1250-1522 CE, the Mixtec city of Tututepec controlled most of the coast of Oaxaca from the border what is now the state of Guerrero to the port of Huatulco and it extended inland by 75 km or 47 miles.[9]

The Puerto Escondido[10] area has long been occupied, there are unexcavated ruins near Colotepec River and artifacts are frequently found through out the area. The ruins of Eco-Archaeological Park Copalita just outside of Huatulco[11] have been excavated and provide an insight of what life was like.

1522 - 1922, a time of depopulation

In 1522, the Conquistadors and some Zapotec allies arrived at Nopala, after a bloody battle, Nopala fell to the Spaniards.[1] Tututepec[1a] was conquered soon after.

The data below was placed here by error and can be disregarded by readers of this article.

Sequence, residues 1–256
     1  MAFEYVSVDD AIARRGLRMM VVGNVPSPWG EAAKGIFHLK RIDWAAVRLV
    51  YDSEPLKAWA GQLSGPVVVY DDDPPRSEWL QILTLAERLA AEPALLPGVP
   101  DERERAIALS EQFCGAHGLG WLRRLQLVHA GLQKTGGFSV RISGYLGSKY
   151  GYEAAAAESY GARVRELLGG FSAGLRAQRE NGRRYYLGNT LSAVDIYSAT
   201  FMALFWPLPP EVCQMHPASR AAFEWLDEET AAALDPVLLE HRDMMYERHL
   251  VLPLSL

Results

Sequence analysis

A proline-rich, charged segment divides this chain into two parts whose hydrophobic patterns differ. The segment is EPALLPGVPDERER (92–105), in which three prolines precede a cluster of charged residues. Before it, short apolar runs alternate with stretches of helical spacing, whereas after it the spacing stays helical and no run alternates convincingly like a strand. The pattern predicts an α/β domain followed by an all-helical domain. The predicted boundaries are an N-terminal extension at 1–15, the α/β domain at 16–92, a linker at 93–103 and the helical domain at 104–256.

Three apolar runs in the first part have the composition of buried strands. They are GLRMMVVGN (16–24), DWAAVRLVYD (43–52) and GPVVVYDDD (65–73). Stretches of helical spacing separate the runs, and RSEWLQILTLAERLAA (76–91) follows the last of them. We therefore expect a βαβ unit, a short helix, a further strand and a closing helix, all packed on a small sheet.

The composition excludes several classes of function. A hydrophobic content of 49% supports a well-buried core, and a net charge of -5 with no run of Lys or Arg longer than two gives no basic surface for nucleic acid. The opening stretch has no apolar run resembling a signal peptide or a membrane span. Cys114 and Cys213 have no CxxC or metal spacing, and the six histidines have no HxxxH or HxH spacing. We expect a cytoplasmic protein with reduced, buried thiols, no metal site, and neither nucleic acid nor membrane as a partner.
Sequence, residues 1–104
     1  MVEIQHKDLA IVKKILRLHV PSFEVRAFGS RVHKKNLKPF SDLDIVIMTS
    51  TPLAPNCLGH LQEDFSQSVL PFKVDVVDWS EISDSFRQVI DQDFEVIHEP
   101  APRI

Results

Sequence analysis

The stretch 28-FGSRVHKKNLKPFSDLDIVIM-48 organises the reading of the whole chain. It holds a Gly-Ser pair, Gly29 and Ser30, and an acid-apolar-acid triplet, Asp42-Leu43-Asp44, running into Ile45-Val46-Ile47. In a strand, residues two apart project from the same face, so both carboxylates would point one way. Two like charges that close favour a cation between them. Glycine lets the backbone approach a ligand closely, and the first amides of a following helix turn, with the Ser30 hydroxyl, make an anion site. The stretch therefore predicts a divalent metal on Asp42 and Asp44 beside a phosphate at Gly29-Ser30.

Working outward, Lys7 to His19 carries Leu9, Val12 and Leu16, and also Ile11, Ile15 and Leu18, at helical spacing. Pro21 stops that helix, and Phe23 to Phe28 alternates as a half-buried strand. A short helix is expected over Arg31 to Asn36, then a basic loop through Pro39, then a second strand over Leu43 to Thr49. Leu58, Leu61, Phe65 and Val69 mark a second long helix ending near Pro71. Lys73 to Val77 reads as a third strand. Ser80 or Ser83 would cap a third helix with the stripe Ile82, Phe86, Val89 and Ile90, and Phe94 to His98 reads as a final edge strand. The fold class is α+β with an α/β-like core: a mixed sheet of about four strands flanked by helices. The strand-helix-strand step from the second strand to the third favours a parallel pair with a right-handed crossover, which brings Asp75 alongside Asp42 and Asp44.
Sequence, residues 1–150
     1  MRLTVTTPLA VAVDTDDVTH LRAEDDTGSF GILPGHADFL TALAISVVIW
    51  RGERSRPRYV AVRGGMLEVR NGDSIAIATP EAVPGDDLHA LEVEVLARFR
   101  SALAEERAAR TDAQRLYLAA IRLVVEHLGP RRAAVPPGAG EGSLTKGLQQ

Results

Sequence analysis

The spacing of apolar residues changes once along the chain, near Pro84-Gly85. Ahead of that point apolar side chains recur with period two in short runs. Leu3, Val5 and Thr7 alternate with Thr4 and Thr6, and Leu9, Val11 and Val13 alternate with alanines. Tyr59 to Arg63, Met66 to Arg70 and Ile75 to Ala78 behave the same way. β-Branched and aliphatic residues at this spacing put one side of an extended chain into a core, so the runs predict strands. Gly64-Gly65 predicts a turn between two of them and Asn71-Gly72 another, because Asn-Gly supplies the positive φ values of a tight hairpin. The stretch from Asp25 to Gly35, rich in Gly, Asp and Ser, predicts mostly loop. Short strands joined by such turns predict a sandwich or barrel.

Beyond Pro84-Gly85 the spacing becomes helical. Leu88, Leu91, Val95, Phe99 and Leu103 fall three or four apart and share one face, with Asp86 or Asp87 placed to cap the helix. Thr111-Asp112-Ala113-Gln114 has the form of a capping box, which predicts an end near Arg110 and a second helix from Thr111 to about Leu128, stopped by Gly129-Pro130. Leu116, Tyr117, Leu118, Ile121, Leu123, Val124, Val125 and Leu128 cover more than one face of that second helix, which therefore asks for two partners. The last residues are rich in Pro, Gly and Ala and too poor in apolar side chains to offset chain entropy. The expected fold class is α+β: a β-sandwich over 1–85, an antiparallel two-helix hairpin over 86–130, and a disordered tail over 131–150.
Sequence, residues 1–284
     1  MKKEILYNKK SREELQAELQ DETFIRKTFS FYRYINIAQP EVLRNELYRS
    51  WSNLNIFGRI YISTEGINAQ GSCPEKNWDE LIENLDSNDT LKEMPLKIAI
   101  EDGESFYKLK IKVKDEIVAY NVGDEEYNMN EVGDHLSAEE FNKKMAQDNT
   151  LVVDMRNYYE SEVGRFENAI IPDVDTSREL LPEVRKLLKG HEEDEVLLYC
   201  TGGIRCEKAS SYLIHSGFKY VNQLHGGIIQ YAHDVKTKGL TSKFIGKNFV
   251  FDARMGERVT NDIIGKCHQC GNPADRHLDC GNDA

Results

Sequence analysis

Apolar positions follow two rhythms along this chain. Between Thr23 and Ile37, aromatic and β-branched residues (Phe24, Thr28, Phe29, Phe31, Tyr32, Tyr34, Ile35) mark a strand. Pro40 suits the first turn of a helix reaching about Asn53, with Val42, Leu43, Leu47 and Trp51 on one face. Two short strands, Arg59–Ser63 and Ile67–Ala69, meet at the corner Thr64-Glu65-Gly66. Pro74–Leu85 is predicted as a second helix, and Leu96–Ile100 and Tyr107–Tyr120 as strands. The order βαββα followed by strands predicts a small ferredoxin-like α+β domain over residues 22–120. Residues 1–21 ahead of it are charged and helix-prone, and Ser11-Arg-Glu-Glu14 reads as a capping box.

Colonial records show the area around San José del Progreso produced and traded ornamental conch shells, purple dye, cotton, salt, salted fish and cocoa.[2]

The indigenous population of Oaxaca was disseminated by disease following the Spanish conquest.

In 1590, José de Acosta, notes in his work, Natural and Moral History of 1590, an English Corsair arrived at the Port of Huatulco and burned 24 million coffee beans, which were worth a fortune at the time.[3]

From 1793 through the early Mexican Independence period, there were Afro-Mexicans or Afro-Mestizos assigned to The Point on Playa Zicatela to watch for pirates sailing along the coast.[4] Their descendants lived nearby until 1873 when men from the community of Santa María Colotepec burned their crops and huts.[5]

In 1811 a rebellion was put down near the Lagoon of Chacahua after the people of the area declared their independence from Spain.[6]